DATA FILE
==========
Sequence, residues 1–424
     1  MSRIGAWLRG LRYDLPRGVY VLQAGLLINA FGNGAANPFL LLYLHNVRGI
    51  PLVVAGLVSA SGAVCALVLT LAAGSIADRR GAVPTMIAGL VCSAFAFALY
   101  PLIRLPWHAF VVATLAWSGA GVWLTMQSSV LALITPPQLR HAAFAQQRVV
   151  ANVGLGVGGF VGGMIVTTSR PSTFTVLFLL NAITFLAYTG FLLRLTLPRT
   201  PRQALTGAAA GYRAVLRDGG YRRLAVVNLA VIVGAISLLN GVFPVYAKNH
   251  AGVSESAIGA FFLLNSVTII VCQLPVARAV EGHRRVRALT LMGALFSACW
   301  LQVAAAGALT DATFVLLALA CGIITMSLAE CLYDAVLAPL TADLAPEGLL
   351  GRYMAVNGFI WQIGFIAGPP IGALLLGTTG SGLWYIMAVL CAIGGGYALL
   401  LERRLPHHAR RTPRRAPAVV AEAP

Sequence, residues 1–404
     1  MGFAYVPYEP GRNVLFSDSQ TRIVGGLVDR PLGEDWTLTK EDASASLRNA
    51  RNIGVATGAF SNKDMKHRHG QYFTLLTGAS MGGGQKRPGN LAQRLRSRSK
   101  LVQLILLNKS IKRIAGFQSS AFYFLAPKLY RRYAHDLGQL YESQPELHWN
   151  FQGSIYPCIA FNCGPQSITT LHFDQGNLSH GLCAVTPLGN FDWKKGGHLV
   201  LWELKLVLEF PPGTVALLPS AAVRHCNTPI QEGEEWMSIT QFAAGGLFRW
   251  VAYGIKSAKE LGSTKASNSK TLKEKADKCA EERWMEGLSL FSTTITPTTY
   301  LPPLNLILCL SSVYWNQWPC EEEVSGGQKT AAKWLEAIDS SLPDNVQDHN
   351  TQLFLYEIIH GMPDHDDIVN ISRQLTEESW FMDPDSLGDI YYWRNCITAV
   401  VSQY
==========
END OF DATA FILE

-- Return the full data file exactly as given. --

Sequence, residues 1–424
     1  MSRIGAWLRG LRYDLPRGVY VLQAGLLINA FGNGAANPFL LLYLHNVRGI
    51  PLVVAGLVSA SGAVCALVLT LAAGSIADRR GAVPTMIAGL VCSAFAFALY
   101  PLIRLPWHAF VVATLAWSGA GVWLTMQSSV LALITPPQLR HAAFAQQRVV
   151  ANVGLGVGGF VGGMIVTTSR PSTFTVLFLL NAITFLAYTG FLLRLTLPRT
   201  PRQALTGAAA GYRAVLRDGG YRRLAVVNLA VIVGAISLLN GVFPVYAKNH
   251  AGVSESAIGA FFLLNSVTII VCQLPVARAV EGHRRVRALT LMGALFSACW
   301  LQVAAAGALT DATFVLLALA CGIITMSLAE CLYDAVLAPL TADLAPEGLL
   351  GRYMAVNGFI WQIGFIAGPP IGALLLGTTG SGLWYIMAVL CAIGGGYALL
   401  LERRLPHHAR RTPRRAPAVV AEAP

Sequence, residues 1–404
     1  MGFAYVPYEP GRNVLFSDSQ TRIVGGLVDR PLGEDWTLTK EDASASLRNA
    51  RNIGVATGAF SNKDMKHRHG QYFTLLTGAS MGGGQKRPGN LAQRLRSRSK
   101  LVQLILLNKS IKRIAGFQSS AFYFLAPKLY RRYAHDLGQL YESQPELHWN
   151  FQGSIYPCIA FNCGPQSITT LHFDQGNLSH GLCAVTPLGN FDWKKGGHLV
   201  LWELKLVLEF PPGTVALLPS AAVRHCNTPI QEGEEWMSIT QFAAGGLFRW
   251  VAYGIKSAKE LGSTKASNSK TLKEKADKCA EERWMEGLSL FSTTITPTTY
   301  LPPLNLILCL SSVYWNQWPC EEEVSGGQKT AAKWLEAIDS SLPDNVQDHN
   351  TQLFLYEIIH GMPDHDDIVN ISRQLTEESW FMDPDSLGDI YYWRNCITAV
   401  VSQY